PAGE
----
But according to Fullinwider, the backing of a powerful police union and Republican lawmakers has allowed Johnson to hit unique sweet spot in what is now an overwhelmingly blue county. The combination of pressure from community organizers coupled with a heightened national awareness of police violence, along with the support from the traditionally “tough on crime” crowd, has created an atmosphere in which it is politically safe for Johnson to challenge officers who step over the line.

“Faith Johnson is having a Nixon in China moment,” said Fullinwider. “You’ve got a DA who cannot be attacked from the right, and you’ve got the public demanding more accountability.”

In April, 15-year-old Jordan Edwards was fatally shot in a Dallas suburb by officer Roy Oliver as he drove away from a party with his friends after the officer heard gunshots. (The police department later concluded the gunshots came from the parking lot of a nearby nursing home, and had nothing to do with the party or with Edwards and his friends.) By May 6, Oliver had been fired and arrested on a murder charge. By mid-July, the grand jury indicted the former officer. DA Johnson told reporters that she believed the indictment would send a message to other officers: “If you do wrong, we will prosecute you.”

Edwards’ murder quickly rose to prominence after his family’s attorney spread the word to national news outlets, drawing attention and outrage from anti-police brutality advocates nationwide. Between local and national protests, the baldly unjust circumstances of the shooting, and Edwards’ status in his community as a well-loved high school football player and straight-A student (“It shouldn’t matter, but it does,” notes Fullinwider), the prosecution of Oliver posed little risk or controversy for Johnson.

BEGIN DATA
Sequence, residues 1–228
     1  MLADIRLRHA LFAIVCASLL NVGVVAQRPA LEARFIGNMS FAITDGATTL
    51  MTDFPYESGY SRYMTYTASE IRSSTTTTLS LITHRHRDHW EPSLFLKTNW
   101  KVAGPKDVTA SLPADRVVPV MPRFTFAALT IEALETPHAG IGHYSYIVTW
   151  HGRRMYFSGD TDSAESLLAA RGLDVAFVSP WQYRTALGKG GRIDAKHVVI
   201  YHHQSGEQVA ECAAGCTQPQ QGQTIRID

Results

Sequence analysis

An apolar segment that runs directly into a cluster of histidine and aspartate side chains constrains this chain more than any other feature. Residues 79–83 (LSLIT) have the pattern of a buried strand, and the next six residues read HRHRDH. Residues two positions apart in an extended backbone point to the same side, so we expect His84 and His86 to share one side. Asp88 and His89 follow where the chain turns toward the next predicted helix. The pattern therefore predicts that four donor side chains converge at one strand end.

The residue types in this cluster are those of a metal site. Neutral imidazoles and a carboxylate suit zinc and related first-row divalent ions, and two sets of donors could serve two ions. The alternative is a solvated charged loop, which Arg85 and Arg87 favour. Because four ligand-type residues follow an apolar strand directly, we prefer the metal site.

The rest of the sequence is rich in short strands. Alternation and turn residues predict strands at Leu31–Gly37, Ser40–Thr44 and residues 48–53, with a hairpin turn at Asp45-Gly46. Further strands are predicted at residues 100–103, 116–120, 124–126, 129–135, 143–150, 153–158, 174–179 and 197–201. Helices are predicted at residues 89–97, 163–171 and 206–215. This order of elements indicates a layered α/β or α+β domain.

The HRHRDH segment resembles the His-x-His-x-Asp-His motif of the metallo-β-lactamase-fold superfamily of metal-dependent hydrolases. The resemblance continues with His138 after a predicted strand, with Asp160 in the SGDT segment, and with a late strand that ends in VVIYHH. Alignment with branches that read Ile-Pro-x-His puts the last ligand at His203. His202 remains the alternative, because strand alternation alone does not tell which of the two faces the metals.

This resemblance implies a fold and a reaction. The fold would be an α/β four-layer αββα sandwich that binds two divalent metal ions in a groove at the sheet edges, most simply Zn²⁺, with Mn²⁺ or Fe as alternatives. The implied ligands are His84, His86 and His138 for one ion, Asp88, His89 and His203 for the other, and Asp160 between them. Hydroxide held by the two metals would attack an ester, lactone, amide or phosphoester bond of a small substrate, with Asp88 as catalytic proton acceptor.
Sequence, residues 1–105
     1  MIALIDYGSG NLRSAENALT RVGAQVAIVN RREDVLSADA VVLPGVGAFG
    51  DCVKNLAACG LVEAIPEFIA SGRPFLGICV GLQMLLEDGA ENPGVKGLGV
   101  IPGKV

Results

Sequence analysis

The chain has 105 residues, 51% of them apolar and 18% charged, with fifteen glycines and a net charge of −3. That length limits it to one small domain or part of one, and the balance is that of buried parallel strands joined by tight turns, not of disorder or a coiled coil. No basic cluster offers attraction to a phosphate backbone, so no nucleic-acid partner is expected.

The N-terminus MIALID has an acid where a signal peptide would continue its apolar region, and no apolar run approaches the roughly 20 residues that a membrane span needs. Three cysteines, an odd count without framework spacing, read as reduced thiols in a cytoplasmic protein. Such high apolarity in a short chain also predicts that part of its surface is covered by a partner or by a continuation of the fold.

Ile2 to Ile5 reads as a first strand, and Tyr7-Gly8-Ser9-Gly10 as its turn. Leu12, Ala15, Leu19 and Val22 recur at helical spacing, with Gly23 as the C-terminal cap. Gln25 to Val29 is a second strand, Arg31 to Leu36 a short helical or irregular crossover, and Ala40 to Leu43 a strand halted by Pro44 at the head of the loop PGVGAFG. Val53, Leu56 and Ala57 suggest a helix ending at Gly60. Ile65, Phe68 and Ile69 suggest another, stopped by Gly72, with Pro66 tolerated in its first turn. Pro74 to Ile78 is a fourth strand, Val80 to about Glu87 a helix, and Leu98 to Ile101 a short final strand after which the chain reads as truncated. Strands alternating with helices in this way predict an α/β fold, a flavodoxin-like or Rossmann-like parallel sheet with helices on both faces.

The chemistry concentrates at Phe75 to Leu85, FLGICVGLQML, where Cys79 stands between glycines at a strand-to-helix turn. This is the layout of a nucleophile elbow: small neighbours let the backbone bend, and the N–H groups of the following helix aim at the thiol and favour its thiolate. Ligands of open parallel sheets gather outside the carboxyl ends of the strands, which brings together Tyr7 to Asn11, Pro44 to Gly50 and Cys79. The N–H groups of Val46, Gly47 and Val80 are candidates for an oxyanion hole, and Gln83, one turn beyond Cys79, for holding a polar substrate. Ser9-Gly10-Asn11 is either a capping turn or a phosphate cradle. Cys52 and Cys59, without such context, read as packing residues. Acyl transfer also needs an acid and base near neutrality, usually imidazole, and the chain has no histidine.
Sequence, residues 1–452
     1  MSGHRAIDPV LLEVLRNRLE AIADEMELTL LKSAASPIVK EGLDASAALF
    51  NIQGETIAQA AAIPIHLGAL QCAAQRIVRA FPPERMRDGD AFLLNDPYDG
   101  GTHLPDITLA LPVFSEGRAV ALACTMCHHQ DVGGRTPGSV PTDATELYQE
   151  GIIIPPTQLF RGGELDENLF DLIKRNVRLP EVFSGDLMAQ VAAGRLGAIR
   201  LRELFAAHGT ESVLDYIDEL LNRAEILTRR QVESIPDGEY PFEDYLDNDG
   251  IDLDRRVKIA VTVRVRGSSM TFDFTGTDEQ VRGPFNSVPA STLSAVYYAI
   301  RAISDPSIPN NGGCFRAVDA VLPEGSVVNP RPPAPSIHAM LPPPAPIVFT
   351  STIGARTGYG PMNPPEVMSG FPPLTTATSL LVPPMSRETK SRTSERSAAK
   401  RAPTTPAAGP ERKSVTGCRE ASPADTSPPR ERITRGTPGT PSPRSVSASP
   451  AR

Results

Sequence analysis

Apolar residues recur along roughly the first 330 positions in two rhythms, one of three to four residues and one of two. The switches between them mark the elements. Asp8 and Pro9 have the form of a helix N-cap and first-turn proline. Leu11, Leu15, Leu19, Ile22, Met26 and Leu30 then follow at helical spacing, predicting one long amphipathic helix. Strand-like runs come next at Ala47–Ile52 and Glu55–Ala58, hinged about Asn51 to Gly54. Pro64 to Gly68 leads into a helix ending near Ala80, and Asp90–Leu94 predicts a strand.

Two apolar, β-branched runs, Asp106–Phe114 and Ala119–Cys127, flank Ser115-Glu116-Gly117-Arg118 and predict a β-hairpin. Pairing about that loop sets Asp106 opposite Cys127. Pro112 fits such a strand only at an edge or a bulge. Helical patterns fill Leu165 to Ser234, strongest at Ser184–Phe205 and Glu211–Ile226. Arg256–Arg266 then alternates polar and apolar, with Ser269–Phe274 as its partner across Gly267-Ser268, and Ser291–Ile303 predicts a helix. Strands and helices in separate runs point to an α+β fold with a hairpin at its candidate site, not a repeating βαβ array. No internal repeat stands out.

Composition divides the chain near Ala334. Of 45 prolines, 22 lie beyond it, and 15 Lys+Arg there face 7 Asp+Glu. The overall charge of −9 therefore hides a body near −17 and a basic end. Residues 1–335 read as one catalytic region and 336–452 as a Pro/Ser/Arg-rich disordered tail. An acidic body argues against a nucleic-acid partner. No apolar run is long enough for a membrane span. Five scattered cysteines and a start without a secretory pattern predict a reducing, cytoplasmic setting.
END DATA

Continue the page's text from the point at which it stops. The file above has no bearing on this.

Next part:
Wiley’s is the third prosecution by Johnson’s office of a police officer since her appointment in December 2016. In June, charges were brought against Dallas officer Christopher Hess for the fatal shooting of 21-year-old Genevive Dawes. Still, the pursuit of convictions by prosecutors against police officers remains a challenge and a rarity. And it’s worth noting that both Hess and Wiley were charged with aggravated assault, rather than murder.

In spite of the growing number of indictments of police officers from grand juries and the county DA in Dallas, Fullinwider says it’s still too early to call this a trend.

“It’s great there’s a few more indictments now, but 99 and a half percent of the time, a policeman can still do anything to you,” says Fullinwider. “We believe that the growing strength of the movement here, along with the national movement, has kept the police from being as trigger happy as they used to be. We’re going to stay on that.”

Thanks to Burke Butler.

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These NBA and NFL Stars Want Prosecutors To Stop Seeking Life Without Parole For Kids

Anquan Boldin, DeAndre Levy, Tobias Harris, Anthony Tolliver, Stan Van Gundy

Flanked by local advocates in Detroit during a meeting are (second from left) DeAndre Levy, Anquan Boldin and Don Carey, former and current players for the Detroit Lions
Angela LaChica

These NBA and NFL Stars Want Prosecutors To Stop Seeking Life Without Parole For Kids

Anquan Boldin, DeAndre Levy, Tobias Harris, Anthony Tolliver, Stan Van Gundy

Just last week, 71-year-old Henry Montgomery found out he would spend yet another Christmas behind bars in Louisiana. He has spent more than 50 Christmases there, but he thought this year might be different. The parole board was set to hear his case for release, but on the day of the hearing, the board delayed it.

In 1963, when John F. Kennedy was president, a judge sentenced the then 17-year-old Montgomery to life without parole. America is the only place in the world where prosecutors regularly try kids as adults and request that kids be sentenced to die behind bars with no hope of freedom.

But Montgomery now has a second chance, thanks to a string of rulings by the U.S. Supreme Court. In 2012, the Supreme Court recognized that kids are different from adults. They have underdeveloped brains, impairing judgment and impulse control, and are more susceptible to negative influences and peer pressure. Unsurprisingly, those who make their way into the criminal-justice system are often themselves victims (pdf) of physical abuse, sexual abuse, extreme poverty, and trauma at elevated levels.